9. exclude vms - Administrators of some virtualized environments may not want to monitor some of their less-critical VMs - for instance, VM templates - both from 'outside' and from 'inside'. The eG agent in this case can be configured to completely exclude such VMs from its monitoring purview. To achieve this, provide a comma-separated list of VMs to be excluded from monitoring in the exclude vms text box. Instead of VMs, VM name patterns can also be provided here in a comma-separated list. For example, your exclude vms specification can be: *xp,*lin*,win*,vista. Here, the * (asterisk) is used to denote leading and trailing spaces (as the case may be). By default, this parameter is set to none indicating that the eG agent obtains the inside and outside views of all VMs on a virtual host by default. By providing a comma-separated list of VMs/VM name patterns in the exclude vms text box, you can make sure the eG agent stops collecting 'inside' and 'outside' view metrics for a configured set of VMs.
  10. ignore winnt – By default, the eG agent does not support the inside view for VMs executing on Windows NT operating systems. Accordingly, the ignore winnt flag is set to Yes by default.
  11. Idle Time - Specify the time duration (in minutes) of inactivity beyond which a session is considered to be “idle” by this test. By default, this parameter is set to 30 (minutes). This implies that by default, the test counts all sessions that have been inactive for over 30 minutes as idle sessions.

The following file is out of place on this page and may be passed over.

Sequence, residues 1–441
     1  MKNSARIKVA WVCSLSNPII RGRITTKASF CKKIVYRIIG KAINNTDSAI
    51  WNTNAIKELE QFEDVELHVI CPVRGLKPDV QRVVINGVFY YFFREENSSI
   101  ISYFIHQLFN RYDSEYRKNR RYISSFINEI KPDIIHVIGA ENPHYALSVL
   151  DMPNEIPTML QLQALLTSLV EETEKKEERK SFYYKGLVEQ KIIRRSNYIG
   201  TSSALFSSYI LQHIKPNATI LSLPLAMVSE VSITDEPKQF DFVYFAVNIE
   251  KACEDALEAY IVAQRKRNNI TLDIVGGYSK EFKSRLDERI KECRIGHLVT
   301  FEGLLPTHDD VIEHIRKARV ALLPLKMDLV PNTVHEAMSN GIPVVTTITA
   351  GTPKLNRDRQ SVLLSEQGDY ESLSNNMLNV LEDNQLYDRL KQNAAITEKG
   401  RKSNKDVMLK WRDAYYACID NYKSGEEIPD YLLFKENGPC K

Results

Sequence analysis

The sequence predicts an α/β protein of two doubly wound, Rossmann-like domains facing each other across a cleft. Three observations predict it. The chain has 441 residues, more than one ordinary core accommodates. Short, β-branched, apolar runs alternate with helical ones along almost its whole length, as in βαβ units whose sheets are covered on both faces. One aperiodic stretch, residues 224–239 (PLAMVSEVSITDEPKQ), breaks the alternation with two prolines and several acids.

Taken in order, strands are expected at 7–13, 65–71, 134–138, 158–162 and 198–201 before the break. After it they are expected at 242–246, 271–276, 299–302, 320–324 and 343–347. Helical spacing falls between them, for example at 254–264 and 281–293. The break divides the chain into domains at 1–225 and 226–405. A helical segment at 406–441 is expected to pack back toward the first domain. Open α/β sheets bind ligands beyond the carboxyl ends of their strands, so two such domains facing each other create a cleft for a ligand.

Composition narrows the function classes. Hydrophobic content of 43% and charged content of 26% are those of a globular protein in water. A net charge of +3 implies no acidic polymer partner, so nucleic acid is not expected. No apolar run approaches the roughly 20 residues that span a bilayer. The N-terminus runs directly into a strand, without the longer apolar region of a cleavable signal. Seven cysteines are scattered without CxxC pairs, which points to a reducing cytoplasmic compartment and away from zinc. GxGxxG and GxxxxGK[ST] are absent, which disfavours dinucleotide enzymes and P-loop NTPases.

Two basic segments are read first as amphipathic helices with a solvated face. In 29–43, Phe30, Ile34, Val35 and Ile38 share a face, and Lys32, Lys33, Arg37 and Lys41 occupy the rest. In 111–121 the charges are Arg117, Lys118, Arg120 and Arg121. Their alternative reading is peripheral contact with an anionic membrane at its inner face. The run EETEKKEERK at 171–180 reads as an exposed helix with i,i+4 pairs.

Measurements reported by the test
Measurement Description Measurement Unit Interpretation

Total time in session:

Indicates the time that has elapsed since this user logged into this desktop.

Mins

 

Active time in last measure period:

Indicates the percentage of time in the last measurement period during which this user actively used this desktop.

Percent

Ideally, the value of this measure should be 100%.

A low value for this measure denotes a high level of inactivity recently.

Time since last activity:

Indicates the time that has elapsed since this user performed an action on this desktop.

Mins

A high value for this measure indicates that the user has been idle for a long time. Compare the value of this measure across users to know which user has been idle for the longest time.

Is session idle in long time?

Indicates whether/not the session has been idle beyond the time duration specified against the Idle Time parameter.

 

The values that this measure can report and their corresponding numeric values are discussed in the table above:

Measure Value Numeric Value
No 0
Yes 1

Note:

By default, this measure reports the Measure Values listed in the table above. In the graph of this measure however, the value of this measure is represented using their numeric equivalents only.

Total idle time in session:

Indicates the total time for which this user was idle during the session.

 

Mins

If the value of this measure is the same as the value of the Total time in session measure for a user, it means that the user has been idle throughout the session.

If the value of this measure is close to the value of the Total time in session measure for a user, it implies that the user has been idle for a long time.

If the value of this measure is much lesser than the value of the Total time in session measure for a user, it means that the user has been active for most part of the session.